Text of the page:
Once upon a time, I had a perfect romantic meal. It was ten years ago, but that doesn't much matter. The restaurant, by design, existed outside of time – mid-century French fanciness, untouched by fad or fashion. It seemed not outside the realm of possibility that the same tuxedoed waiters had been escorting the same fresh-faced and helium-bosomed young ladies (and their uncomfortably collared "uncles") to starched and sumptuous banquettes since the restaurant's opening in 1960, and that the maitre d' had air-kissed the same doyenne's surgically-taut cheek with the exact vim and deference he had since the year her Chanel suit was new.
It was Valentine's Day, and for a girl who frequently sported combat boots and a battle-scarred heart, this was as close to Hollywood l'amour as I'd ever gotten. In previous Februaries, I'd poured my heart into handmade cards, meticulously-chosen poetry volumes (and the occasional glass of single malt for myself), and had received, on various occasions a power drill, "I dunno - where do you wanna eat?", "Oh shoot...we're doing this?" and inevitably the bill for whatever entertainment ensued.
None of this quelled my nerves as I tottered under the front canopy and down the hall once trod by the likes of Diana Vreeland, Truman Capote and various members of the Kennedy clan. But then - those waiters. They of pristine jackets and seamless, boundless grace knew in a heartbeat that they had an haute dining virgin on their manicured hands, and were as gentle as could be.
To this day, I have never had that dinner's equal in elegance. No Champagne flute drained past the halfway point, the Dover sole (which I may have ordered specifically for fish knife deployment) was butter-drenched to the point of obscenity, and everyone - from "niece" to chic nonagenarian - sparkled expensively against the backdrop of pale, tasteful draperies and Parisian murals.
Eventually, the toque-sized soufflé arrived. The waiter drizzled a thin stream of Grand Marnier-augmented crème anglaise through a fissure in the top crust, discreetly ignoring my date's increasingly cheeky snaps of my garter belt straps. I was sold - both on the tufted jewel box room and the treasures within, as well as the kind of man who deemed me worthy of such grandeur.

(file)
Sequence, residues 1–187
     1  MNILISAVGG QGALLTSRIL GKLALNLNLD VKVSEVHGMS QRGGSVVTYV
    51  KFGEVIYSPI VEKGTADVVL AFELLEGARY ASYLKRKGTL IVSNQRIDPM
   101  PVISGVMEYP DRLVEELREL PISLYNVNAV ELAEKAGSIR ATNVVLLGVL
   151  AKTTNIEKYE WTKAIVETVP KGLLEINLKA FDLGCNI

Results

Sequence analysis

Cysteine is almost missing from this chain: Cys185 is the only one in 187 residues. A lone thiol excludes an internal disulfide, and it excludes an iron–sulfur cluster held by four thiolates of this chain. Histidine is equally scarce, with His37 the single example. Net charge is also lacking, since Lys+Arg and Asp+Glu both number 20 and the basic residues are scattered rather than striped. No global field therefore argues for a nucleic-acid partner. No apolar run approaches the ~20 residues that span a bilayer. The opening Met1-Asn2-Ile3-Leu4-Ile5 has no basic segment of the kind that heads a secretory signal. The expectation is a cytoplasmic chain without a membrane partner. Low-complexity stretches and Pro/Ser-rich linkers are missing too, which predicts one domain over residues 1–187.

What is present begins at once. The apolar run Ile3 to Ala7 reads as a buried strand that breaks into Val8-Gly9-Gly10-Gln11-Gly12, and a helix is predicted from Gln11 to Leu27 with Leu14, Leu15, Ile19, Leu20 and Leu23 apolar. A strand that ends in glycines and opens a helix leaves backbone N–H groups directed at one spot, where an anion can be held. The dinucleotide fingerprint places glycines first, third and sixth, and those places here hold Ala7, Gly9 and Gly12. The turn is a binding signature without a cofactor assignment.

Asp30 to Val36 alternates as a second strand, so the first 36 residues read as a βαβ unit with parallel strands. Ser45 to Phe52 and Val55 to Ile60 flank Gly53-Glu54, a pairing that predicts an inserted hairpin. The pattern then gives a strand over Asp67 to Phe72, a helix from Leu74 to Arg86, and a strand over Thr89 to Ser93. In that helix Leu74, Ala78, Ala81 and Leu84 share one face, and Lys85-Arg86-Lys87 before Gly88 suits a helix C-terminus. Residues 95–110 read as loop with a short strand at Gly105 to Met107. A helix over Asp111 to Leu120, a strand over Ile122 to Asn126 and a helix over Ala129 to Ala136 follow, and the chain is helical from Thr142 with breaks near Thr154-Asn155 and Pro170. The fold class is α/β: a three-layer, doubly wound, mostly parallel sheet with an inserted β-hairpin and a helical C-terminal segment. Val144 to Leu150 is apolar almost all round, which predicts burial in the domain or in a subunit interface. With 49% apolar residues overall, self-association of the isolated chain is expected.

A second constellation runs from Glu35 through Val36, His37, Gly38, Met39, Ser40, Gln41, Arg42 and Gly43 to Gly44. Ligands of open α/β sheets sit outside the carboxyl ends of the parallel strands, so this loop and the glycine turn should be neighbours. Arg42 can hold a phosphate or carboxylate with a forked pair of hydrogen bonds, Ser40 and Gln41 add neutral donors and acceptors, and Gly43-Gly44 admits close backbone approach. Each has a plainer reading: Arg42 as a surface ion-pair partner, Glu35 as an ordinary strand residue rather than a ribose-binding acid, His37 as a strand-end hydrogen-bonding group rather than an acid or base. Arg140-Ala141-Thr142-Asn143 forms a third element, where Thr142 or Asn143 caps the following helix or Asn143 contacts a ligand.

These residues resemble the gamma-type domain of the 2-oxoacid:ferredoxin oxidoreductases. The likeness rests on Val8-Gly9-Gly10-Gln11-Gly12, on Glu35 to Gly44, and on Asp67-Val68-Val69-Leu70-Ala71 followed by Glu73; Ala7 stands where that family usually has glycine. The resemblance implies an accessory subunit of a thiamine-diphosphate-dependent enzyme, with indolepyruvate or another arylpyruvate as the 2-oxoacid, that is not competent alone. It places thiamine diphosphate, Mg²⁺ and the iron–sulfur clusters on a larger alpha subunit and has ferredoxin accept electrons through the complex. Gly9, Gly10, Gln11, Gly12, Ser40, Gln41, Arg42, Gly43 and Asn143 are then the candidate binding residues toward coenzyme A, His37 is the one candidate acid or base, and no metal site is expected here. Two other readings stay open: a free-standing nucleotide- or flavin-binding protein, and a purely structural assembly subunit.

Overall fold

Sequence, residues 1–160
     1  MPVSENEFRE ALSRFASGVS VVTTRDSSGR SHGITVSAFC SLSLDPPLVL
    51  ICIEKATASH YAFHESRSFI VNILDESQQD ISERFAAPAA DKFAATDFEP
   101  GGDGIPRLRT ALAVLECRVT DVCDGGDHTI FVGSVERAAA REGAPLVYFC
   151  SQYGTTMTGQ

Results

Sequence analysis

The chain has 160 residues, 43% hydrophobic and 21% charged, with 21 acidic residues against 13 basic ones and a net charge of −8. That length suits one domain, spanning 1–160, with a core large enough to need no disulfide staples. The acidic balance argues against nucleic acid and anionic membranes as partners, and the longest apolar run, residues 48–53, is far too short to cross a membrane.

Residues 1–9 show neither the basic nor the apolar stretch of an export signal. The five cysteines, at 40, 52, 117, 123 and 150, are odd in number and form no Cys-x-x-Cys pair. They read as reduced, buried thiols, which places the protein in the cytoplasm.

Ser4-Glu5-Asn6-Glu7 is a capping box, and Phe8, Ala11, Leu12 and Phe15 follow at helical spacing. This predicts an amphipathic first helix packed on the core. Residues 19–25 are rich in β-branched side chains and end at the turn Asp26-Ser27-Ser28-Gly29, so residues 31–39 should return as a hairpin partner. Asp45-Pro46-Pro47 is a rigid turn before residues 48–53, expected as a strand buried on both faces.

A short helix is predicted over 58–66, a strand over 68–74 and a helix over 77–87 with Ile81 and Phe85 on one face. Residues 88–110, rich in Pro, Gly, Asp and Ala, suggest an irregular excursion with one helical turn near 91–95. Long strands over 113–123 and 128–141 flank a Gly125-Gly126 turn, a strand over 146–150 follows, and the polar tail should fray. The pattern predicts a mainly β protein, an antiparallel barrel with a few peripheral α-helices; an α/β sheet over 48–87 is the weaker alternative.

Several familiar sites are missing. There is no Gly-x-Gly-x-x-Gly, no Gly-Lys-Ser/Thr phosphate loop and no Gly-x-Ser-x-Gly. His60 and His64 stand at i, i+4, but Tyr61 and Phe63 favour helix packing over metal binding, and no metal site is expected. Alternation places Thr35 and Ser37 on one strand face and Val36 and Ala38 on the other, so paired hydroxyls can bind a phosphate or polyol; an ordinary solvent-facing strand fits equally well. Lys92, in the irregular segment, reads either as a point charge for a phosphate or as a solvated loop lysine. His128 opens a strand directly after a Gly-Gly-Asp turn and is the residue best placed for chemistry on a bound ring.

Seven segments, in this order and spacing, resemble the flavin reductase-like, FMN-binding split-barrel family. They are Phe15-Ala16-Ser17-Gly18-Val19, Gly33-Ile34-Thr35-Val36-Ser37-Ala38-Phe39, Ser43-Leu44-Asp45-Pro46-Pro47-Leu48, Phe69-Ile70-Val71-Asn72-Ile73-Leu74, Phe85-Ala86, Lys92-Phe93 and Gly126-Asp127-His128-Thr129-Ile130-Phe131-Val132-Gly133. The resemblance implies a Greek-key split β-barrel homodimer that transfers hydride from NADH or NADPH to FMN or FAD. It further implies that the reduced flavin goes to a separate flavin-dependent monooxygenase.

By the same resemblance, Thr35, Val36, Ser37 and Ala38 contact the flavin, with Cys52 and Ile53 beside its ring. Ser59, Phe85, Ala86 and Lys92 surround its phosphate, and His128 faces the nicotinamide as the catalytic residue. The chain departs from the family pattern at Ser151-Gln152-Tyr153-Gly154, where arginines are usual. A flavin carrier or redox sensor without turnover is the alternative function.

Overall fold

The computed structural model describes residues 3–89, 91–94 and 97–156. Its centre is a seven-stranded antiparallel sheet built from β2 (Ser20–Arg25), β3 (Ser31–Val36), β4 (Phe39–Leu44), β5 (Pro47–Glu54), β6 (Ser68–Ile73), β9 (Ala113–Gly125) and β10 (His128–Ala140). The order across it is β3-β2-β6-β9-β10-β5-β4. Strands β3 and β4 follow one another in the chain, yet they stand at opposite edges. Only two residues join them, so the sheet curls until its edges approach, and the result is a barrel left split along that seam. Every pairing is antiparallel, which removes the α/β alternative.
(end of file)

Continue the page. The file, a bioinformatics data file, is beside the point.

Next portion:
When I nestled against my paramour's chest later that night, drunk on the splendid Champagne and headiness of the night, I exhaled. "I am worth it..." And this time I almost completely believed it.
As it turned out, to my shock and horror (and no doubt hers) when I found out some months later, it was his wife who'd actually deserved the petals and pomp that night. He'd kept her existence from me, and mine from hers, and for a very long time after, anything that hinted at "romance" took on a very bitter flavor, indeed.
The next Valentine's Day found me dining alone amongst nuzzling couples at the swankest restaurant in Reno (these things are relative) in a sort of self-punishment. "Can I get the Valentine's Day prix fixe, but cut in half? I can eat it alone in my room if you don't want to spare a two-top. Oh, you have a table for me at the center of the room? Uh...thank you."
The thinly-mustached waiter sidled over to see how I was enjoying my venison medallions, likely noting that I was just pushing them around the plate in a grim approximation of someone actually dining. He leaned in, "You are the loveliest woman in the room, yet you are the only one who is alone."
Thanks, I hadn't noticed. It seemed I could do fancy all by myself, but finding any joy in it was beyond my grasp.
The Valentine's Day after that was marginally better, with thoroughly forgettable food, and a kind enough heart across the table, beating for me warmly, if briefly.
And the year after that - I remember the menu exactly, because it's what I've eaten across the dining room table from my boyfriend, and now husband every year since. It's steak (heart-shaped the first year), pattypan squash and hen-of-the-woods mushrooms with a bottle of ink-black madiran. The closest thing to a hovering waiter is our greyhound, hoping he'll get a scrap or two at the end of the meal.
Once upon a time, we shared a perfect romantic meal. He and I sat in our ancient, drafty Jeep in the parking lot of a North Carolina Harris Teeter supermarket. We were cold and tired after a long holiday slog through snow-packed highways and ice-skimmed streets and just needed something to eat before we went any farther.
We strode into the store for provisions, then went back to the car to take turns quietly dragging Captain's Wafers through a small communal tub of pimento cheese. No fish knives were required.
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